I hate the dumbing down of characters. Not every protagonist needs to be likeable.
Sympathetic, yes. But not sanitized, cookie cutter likeable.
So when you get the note, “Character needs to be more likeable,” what the hell does that mean?
(BTW, I don’t like notes like that – it’s vague and simply lazy. It could mean anything from “I didn’t understand him” to “She’s too abrasive.”)
In reality, non-writers (executives/family/well meaning friends) use this as code for: "I don't like your character, but I don't have the time to figure out why, so please just fix it."
GOOD NEWS: You are the master of the universe. You’re the writer, and therefore the problem solver. You can solve this problem.
BAD NEWS: You’ve got unspecific notes from the exec that the character needs to be more likeable. You’re on a deadline. Now what?
I read a good spec script recently that might shed some light on this eternal question.
The story is about a guy who barters with a dating expert for help. The character is unlikeable, a cad, and rather shallow, but it didn’t bother me.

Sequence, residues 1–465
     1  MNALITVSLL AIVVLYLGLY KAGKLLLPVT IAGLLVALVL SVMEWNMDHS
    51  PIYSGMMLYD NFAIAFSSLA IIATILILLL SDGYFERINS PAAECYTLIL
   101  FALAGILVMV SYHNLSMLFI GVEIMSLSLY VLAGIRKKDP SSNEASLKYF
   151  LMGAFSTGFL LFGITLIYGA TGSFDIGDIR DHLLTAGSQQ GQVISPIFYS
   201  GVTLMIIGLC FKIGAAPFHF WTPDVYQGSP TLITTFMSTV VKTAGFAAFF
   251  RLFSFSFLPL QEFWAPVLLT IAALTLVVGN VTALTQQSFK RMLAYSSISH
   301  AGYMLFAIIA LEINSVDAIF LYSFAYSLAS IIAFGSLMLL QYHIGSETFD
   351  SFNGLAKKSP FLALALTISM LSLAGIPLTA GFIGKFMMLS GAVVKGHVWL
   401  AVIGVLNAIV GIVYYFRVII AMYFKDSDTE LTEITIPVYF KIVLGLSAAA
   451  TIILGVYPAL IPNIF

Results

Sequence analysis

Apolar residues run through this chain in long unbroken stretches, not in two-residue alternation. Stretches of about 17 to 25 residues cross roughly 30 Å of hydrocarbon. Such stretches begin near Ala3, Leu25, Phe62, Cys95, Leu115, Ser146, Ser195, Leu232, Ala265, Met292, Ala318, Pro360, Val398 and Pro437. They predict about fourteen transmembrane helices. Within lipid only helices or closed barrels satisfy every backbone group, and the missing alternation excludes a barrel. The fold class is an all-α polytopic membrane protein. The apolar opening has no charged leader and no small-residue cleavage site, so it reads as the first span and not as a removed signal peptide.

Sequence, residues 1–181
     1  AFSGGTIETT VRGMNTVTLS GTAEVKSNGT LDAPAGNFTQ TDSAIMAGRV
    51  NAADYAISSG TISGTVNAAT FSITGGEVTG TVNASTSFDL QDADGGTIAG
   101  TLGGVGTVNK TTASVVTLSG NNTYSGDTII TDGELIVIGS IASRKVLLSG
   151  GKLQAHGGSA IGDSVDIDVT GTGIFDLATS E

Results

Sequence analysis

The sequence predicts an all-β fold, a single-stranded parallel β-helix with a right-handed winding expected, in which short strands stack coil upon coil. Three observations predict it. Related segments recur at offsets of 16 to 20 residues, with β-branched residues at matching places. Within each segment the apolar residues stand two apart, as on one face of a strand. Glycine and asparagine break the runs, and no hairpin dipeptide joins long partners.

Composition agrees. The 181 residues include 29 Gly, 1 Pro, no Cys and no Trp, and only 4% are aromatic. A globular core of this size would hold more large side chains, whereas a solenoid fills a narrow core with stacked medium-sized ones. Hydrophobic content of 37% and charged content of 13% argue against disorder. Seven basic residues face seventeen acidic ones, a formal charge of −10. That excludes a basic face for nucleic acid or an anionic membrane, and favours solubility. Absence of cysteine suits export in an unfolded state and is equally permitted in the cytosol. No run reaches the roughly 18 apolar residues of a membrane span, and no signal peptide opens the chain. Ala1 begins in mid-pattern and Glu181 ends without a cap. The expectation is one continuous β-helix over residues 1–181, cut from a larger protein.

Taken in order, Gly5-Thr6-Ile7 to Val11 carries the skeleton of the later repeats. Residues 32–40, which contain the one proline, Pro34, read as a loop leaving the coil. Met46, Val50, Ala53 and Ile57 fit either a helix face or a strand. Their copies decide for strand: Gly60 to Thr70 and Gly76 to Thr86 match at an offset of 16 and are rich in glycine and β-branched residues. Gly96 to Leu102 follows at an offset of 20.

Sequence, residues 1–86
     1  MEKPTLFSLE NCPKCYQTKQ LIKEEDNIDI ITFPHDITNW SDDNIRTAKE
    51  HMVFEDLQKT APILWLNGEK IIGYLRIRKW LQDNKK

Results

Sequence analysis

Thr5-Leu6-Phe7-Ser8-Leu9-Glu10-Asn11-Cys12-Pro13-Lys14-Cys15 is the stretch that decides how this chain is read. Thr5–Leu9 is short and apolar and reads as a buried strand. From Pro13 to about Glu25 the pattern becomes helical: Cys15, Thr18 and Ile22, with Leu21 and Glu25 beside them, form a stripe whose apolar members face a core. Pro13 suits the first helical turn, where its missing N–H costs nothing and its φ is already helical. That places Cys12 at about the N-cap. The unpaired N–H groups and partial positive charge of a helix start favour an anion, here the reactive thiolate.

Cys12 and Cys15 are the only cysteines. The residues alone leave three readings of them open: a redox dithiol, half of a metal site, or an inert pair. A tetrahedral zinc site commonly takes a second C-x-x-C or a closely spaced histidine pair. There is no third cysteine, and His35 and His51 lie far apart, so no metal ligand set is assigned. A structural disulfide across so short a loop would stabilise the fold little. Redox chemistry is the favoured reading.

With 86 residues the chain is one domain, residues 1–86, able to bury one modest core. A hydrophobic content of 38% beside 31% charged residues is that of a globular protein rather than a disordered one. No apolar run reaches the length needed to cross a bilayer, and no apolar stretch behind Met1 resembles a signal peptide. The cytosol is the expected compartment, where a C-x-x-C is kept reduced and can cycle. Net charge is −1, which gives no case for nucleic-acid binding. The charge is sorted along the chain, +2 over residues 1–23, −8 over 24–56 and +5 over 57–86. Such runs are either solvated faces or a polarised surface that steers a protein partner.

Read that again. Didn’t. Bother. Me.
- He serves up attitude with a side of vulnerability, which keeps it interesting in the usually dead Act 2.
- He’s unrepentant about dating women like kleenex. There are hints he’s protecting a sore spot in the script. The writer did an admirable job of showing it in the subtext.
- Even though I might not agree with his decisions, I sense his motivation (which leads back to me identifying with the character).
WHAT I’VE LEARNED:
On draft 1 - If your character is “unlikeable,” check to make sure we SEE why we should empathize with the character.
On 1+ drafts – If your character is “unlikeable,” always check that you’ve explained WHY we should empathize with the character. Have you laid out or hinted at his motivation clearly enough?